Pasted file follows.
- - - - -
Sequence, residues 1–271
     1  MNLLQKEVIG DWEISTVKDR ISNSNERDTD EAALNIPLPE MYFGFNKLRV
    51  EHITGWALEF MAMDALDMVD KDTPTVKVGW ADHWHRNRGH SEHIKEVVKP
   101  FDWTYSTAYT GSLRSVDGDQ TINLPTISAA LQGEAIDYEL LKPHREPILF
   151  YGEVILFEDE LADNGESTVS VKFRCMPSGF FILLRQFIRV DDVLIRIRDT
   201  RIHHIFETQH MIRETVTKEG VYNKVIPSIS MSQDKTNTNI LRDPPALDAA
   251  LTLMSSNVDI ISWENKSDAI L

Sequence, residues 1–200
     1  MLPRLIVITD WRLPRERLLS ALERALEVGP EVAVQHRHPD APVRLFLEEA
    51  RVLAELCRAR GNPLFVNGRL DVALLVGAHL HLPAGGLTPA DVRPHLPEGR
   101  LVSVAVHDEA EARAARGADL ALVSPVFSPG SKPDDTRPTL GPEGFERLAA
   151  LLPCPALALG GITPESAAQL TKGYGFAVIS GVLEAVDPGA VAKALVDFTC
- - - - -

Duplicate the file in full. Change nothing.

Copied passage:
Sequence, residues 1–271
     1  MNLLQKEVIG DWEISTVKDR ISNSNERDTD EAALNIPLPE MYFGFNKLRV
    51  EHITGWALEF MAMDALDMVD KDTPTVKVGW ADHWHRNRGH SEHIKEVVKP
   101  FDWTYSTAYT GSLRSVDGDQ TINLPTISAA LQGEAIDYEL LKPHREPILF
   151  YGEVILFEDE LADNGESTVS VKFRCMPSGF FILLRQFIRV DDVLIRIRDT
   201  RIHHIFETQH MIRETVTKEG VYNKVIPSIS MSQDKTNTNI LRDPPALDAA
   251  LTLMSSNVDI ISWENKSDAI L

Sequence, residues 1–200
     1  MLPRLIVITD WRLPRERLLS ALERALEVGP EVAVQHRHPD APVRLFLEEA
    51  RVLAELCRAR GNPLFVNGRL DVALLVGAHL HLPAGGLTPA DVRPHLPEGR
   101  LVSVAVHDEA EARAARGADL ALVSPVFSPG SKPDDTRPTL GPEGFERLAA
   151  LLPCPALALG GITPESAAQL TKGYGFAVIS GVLEAVDPGA VAKALVDFTC